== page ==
Ash Wednesday is next week, and it seems like I’m talking to more and more people about what their plan is for the upcoming season. Lent is my favorite liturgical season. Crazy, I know, but there is no other time of the year when I am more motivated to examine my life as it stands and build my resolve to make lasting changes in my relationship with Christ. By making the sacrifices, observing the fasts, abstaining from meat, I know that my resolve is strengthened. I am a better person at Easter than I was went Lent began.
If you have trouble with Lent, please allow me to suggest a strategy to make this season your most fruitful yet. Below are 5 practices you could embrace as part of your Lenten observance of prayer, fasting, and alms giving.
Spiritual Reading (Prayer)
Lent is an excellent opportunity to slow down, examine our spiritual life, and learn more about Christ. One of the best ways to encounter him is through a regular study time with great spiritual reading. As you read, offer that time to God for an intention and seek His wisdom and guidance. I asked Devanie Cooper, Co-Owner & Manager of St. Paul Bookstore (a 20-something herself) to recommend some great books they have in stock.
Devanie’s Top 5 Recommendations
Lent & Easter Wisdom from St. Alphonsus Ligouri
Jesus of Nazareth: Holy Week: From the Entrance Into Jerusalem To The Resurrection by Benedict XVI
Flunking Sainthood: A Year of Breaking the Sabbath, Forgetting to Pray and Still Loving My Neighbor by Jana Riess
Life of Christ by Fulton Sheen (Mother Teresa recommended reading this for Lent)
Walking with Mary by Edward Sri
Explore New Ways to Pray
We can also examine our prayer life. Where we falter, where we succeed, where we can grow… Many of us have routines that are humdrum or that have fallen by the wayside. Prayer is more than just Hail Mary, Our Father, Glory Be. Prayer is how we raise our hearts, minds, and actions to God. Why not embrace the call to prayer as a way to refresh your prayer life by trying something new?
Take 30 minutes a day with guided reflection and prayer. “An Ignatian Prayer Adventure” takes you through an adapted version of the Spiritual Exercises of St. Ignatius of Loyola. It’s broken down into daily meditations over the course of 8 weeks. Perfect for Lent and Easter.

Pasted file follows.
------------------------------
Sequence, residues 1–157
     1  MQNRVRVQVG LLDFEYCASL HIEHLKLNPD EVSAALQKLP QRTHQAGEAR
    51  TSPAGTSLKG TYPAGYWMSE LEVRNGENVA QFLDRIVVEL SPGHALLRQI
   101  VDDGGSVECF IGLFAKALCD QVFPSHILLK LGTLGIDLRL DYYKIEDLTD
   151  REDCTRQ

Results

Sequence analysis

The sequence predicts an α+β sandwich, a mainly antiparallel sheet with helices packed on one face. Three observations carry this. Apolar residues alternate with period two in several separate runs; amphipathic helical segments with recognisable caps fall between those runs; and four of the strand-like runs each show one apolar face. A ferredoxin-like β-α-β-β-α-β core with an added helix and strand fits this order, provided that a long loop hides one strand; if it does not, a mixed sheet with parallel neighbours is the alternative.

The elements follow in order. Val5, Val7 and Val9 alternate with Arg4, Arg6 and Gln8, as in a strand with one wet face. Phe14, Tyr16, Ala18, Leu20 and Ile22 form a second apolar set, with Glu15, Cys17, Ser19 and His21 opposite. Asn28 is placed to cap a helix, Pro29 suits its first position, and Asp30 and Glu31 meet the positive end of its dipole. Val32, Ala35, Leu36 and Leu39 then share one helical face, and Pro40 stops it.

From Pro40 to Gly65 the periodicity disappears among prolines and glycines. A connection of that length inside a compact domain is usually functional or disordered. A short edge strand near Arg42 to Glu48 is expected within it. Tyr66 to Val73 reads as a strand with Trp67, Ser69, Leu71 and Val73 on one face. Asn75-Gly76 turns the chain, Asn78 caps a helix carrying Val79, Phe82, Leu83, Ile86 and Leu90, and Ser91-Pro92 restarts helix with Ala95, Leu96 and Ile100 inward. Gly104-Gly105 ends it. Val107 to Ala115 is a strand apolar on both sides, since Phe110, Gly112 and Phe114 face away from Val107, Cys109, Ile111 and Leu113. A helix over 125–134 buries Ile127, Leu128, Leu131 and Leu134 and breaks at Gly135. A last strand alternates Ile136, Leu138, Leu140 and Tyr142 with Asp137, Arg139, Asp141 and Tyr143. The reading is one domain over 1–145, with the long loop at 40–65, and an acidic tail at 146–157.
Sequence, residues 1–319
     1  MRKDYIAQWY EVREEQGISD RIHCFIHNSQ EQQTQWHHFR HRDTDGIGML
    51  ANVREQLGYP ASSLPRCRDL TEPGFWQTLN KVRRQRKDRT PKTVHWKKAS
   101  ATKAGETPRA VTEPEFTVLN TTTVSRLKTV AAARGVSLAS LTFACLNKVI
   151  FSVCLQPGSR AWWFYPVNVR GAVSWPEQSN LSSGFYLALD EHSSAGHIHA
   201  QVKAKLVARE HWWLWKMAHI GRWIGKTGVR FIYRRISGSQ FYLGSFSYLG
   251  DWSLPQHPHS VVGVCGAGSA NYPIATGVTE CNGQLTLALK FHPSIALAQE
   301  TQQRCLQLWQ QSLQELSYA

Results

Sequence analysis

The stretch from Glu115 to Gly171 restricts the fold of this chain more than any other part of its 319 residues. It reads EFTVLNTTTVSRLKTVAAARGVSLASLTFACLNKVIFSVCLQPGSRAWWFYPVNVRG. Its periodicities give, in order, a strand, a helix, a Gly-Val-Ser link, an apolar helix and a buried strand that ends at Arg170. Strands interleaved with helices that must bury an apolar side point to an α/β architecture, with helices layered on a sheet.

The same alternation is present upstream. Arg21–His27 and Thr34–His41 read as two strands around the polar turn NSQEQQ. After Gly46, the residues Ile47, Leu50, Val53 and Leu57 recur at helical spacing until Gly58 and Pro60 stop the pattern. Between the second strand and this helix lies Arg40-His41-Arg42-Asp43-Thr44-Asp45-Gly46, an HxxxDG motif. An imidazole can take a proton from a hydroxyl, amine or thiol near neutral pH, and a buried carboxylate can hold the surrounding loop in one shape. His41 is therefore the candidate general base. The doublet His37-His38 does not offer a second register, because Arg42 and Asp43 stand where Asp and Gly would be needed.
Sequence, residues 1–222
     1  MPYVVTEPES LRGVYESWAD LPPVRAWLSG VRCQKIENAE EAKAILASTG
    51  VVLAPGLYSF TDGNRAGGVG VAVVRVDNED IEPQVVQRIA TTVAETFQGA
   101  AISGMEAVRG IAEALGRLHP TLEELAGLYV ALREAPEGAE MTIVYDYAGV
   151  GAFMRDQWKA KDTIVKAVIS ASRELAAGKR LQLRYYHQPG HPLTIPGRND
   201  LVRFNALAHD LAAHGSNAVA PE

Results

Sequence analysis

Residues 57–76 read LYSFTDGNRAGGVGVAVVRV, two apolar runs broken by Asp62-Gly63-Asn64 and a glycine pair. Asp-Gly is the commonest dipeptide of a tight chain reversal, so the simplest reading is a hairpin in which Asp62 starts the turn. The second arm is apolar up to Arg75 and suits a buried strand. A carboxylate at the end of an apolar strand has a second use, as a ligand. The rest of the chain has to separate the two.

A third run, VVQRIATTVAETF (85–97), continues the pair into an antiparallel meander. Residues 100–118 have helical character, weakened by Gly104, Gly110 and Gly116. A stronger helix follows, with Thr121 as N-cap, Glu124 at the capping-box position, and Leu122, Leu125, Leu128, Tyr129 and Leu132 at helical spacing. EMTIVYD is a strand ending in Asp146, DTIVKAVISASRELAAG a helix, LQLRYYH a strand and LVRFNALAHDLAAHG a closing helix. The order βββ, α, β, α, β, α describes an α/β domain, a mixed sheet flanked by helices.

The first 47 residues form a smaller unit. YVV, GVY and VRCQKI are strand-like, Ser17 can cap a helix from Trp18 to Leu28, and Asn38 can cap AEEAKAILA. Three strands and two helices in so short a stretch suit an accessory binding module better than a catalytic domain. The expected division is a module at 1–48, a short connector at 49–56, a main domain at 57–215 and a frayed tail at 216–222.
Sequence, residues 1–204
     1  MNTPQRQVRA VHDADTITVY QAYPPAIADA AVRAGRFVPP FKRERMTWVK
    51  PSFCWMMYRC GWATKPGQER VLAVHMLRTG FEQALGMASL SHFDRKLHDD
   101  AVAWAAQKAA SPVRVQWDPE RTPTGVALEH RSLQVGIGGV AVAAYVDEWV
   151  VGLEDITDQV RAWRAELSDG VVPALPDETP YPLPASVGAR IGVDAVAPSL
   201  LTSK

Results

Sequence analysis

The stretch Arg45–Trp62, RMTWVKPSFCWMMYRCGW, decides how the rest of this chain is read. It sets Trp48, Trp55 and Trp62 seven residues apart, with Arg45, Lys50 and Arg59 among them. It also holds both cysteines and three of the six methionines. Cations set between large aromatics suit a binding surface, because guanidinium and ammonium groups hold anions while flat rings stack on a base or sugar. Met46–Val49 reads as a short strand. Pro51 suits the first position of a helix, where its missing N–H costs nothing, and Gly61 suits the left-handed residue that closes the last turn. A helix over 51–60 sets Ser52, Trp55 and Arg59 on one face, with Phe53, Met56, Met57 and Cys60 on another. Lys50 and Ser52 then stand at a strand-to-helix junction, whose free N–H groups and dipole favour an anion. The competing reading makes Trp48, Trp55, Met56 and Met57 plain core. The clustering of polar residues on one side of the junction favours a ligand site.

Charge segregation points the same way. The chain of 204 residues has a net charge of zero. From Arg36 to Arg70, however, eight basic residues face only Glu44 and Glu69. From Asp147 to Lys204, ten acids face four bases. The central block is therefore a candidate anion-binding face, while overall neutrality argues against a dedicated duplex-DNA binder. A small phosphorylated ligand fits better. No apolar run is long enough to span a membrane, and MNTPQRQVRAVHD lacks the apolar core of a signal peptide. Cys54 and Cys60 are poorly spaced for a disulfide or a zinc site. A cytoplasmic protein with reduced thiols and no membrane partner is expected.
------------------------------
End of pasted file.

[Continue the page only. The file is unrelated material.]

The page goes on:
Ok, you give up chocolate every year, and I know it’s like really, really hard. I get it. It IS a sacrifice for you, but please allow me to challenge you with a question. Is chocolate really leading you away from Christ? If not, may I propose you take some time before Ash Wednesday to track your biggest sins back to their source. Do you suffer with Wrath? with Lust? with Envy? with Sloth? Think about the last time you committed that sin, the moments and events leading up to it. Do you have a seemingly benign trigger that sets you up to fall? If there is, consider fasting from that thing which leads you to sin. Running late in the morning contributing to your Road Rage causing you to act uncharitably towards others? Consider giving up the 30 minutes of Family Guy reruns before bed, so you can get up 30 minutes earlier, so you can have plenty of time to fight traffic, so you can respond with mercy and compassion to the teenager who cut you off on their way to school.
On a fun note, you may never forget about abstaining on Fridays again! Check out the LENTSANITY app!
Consider giving your time, talent or treasure at some point during Lent. Here’s a video about Almsgiving from CRS:
Use social media to share your experience and encourage others!
Check out the InstaLent Photo challenge from Busted Halo. There is a photo theme for every day of Lent. Look up the theme, post a picture that fits the theme, and tag #BHLent2015 and @bustedhalo each day! So fun!
Sam Mauck is the Director of Campus & Young Adult Ministry for the Diocese of Memphis. You can email him at email@example.com